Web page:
Are you confused by the VW emissions scandal yet? I genuinely thought I had a pretty good handle on it until this afternoon, when the UK government announced that it is going to launch its own inquiry into the testing processes.

Frankly, I think we could all pretty much save them the bother. I’ll wager that when they test the cars in the real world, they’ll find that the vast majority of the vehicles in question don’t match any of the figures that they produce in the laboratory - CO2, economy, NOx, whatever. Nor will it matter how many times they re-test them; they’ll still fall short.

News story  UK government launches emissions test inquiry

Does that mean they’re all cheating? Of course not. It means the test is flawed; we all know it is. Our sister title What Car? evaluates vehicles in the UK and in real-world conditions for its True MPG numbers, and in general if a car gets to within 10% of its official figure - obtained through the EU’s NEDC certification - then it’s seen as a bit of a star.

The NEDC tests occur in labs around the world that the manufacturers and engineers know from back to front and top to bottom, with very specific inputs from the (trained) drivers. There’s no traffic; there are no changes in road conditions or surfaces. Some of the approved acceleration rates are so slow that hybrid cars can do chunks of the cycle running on electricity alone. The official test is all about consistency, not relevance - and to a limited extent, that makes sense.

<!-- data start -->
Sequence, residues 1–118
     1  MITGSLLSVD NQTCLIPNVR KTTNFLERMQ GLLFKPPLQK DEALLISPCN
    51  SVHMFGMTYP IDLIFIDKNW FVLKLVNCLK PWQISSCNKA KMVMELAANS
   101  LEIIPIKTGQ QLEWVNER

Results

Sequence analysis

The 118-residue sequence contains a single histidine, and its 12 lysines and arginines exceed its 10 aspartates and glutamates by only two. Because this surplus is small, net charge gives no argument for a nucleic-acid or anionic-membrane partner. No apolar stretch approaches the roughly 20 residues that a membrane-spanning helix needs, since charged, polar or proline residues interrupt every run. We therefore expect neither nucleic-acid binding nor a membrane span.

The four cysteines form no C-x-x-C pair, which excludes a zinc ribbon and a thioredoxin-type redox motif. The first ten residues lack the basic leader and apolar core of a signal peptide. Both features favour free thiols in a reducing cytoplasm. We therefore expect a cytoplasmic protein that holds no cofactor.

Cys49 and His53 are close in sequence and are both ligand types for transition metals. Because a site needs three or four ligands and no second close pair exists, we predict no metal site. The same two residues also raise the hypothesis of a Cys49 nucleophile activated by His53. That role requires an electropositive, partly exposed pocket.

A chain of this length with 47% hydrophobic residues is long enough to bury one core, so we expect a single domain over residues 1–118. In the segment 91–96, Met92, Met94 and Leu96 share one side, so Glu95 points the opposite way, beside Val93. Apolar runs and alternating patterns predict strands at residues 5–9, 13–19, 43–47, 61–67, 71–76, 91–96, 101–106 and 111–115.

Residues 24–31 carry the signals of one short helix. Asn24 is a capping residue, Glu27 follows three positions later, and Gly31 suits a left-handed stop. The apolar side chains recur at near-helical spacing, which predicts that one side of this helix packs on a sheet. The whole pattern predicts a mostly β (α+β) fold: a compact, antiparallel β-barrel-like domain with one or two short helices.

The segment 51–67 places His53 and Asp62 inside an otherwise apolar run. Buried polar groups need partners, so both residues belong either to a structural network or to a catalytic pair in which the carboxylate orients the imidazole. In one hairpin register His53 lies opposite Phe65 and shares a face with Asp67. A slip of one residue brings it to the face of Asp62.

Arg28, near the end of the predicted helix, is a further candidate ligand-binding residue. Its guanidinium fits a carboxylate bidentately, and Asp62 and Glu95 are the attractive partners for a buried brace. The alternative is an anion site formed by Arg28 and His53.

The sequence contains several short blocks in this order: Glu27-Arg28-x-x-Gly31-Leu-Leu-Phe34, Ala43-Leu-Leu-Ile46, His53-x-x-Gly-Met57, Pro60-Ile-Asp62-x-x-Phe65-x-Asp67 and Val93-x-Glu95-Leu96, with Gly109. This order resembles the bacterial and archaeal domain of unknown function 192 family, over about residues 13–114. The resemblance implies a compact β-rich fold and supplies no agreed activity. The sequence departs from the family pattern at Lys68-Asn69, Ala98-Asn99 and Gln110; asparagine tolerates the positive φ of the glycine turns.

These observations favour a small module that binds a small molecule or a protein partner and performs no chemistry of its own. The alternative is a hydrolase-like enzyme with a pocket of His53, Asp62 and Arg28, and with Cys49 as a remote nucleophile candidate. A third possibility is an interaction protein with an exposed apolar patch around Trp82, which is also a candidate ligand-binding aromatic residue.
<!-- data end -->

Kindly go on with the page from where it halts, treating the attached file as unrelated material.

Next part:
What’s occurred, though, over the past few days is a dreadful blurring of the lines between CO2 emissions and the NOx test that caught out VW in the United States. And the government has fallen for it hook, line and sinker.

Let’s hypothesise about what’s going to happen, then. The government spends a pile of tax-payers’ money investigating emissions tests. It concludes that cars rarely live up to their economy, CO2 or NOx figures when they’re being driven in the real world - but that this is down to lots of clever engineers having acute understanding of a flawed test procedure instead of them blatantly cheating.

As a result of this additional research, the government calls for the EU to hasten the reform of the NEDC test so it more accurately reflects real-world driving. The EU informs the government that it’s already doing this. We spend a lot. We learn remarkably little. And what’s going to happen, er, happens anyway. Make sense to you? No, me neither.